Tags

, , , , , , ,

Continuing on with my 2018 Bookshop Challenge this week I visit the flagship Waterstones store in Piccadilly.

Piccadilly is a major shopping road in London and as I let you know last week also has the very historic Hatchards store as well as Fortnum and Mason and The Ritz Hotel.  The street is very historic and whilst Hatchards has stood in the same spot for hundreds of years other buildings are reinvented every few decades or so.  Thus Waterstones began as something else.

We were impressed with the building when we entered through large curved glass doors into a huge lobby type area with curved steps down into it.  You walk through into a larger room which has an imposing industrial staircase to the right.  There was a real period feel to the space which Waterstones has tried to make its own.  Of vital importance for a bookshop set over 6 floors is a list of where you need to go and I quickly found the true crime and crime sections.  I took the lift from the basement to the 3rd floor along with several Japanese tourists.

Stepping out of the elevator I found myself in the biggest space stretching from front to back of the building.  High up over Piccadilly I was able to look out of the windows to the building opposite.  Once finished with the true crime section, which I didn’t find too extensive, I walked down to the crime section which was huge and organised alphabetically.  There were, as appears to be the norm in London bookshops, sections for Sherlock and Christie.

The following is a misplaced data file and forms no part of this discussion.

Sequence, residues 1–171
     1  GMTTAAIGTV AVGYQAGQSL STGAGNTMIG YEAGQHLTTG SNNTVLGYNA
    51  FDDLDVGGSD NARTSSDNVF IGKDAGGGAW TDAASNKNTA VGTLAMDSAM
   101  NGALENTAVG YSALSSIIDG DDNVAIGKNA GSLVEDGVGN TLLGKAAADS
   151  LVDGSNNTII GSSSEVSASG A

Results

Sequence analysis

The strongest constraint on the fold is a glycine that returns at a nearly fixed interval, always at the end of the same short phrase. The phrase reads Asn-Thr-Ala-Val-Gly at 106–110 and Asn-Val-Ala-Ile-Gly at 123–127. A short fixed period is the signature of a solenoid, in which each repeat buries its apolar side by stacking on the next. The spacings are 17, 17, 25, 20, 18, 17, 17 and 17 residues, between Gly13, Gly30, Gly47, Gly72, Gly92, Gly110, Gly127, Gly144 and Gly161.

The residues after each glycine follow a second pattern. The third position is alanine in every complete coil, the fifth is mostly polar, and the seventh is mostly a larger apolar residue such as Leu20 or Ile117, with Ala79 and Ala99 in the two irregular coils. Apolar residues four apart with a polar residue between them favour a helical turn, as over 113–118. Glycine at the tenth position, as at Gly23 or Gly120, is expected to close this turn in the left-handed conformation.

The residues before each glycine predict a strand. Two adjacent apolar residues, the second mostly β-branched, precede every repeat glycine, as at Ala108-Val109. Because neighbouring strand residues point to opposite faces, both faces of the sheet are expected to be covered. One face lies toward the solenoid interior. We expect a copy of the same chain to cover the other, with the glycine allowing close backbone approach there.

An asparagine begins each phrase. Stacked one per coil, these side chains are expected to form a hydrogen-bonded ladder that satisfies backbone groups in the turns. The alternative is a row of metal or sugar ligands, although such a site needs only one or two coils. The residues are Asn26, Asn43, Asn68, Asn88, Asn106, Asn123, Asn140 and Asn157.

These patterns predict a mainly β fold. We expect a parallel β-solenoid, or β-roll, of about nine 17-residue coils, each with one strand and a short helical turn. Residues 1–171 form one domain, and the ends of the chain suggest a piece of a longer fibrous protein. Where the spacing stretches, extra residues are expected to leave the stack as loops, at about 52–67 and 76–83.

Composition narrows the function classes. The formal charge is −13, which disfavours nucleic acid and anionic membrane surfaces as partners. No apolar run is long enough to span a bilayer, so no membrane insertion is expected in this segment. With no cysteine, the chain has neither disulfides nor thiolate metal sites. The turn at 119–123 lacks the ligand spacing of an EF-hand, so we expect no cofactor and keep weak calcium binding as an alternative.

I’ve found out that the building was designed as a menswear department store and that makes complete sense to the building and how I imagine it would have been laid out and how attractive the backdrop would have been for that.  Personally I didn’t like the building as a bookshop.  Or I didn’t like how they had used the space.  It was left to be too big.  Overwhelming  Imposing.  I wasn’t inspired.  I wasn’t drawn into and hugged by books.  I just felt like there were too many.  Hatchards made me feel like there were too many books but they displayed them in a smaller more personal way.  There were separate spaces or rooms, the space was much more divided up.  In Waterstones it was just an expanse of floor that stretched from left to right as far as the eye could see.  Then over 6 massive floors.  I was overwhelmed at just visiting three floors and didn’t go near the other floors!

So, loved the building but not the bookshop.  If that makes sense!  I will definitely stick to my favourite Waterstones in Canterbury!

Do you love the Piccadilly branch?  Does it grow on you?  What’s your favourite Waterstones branch?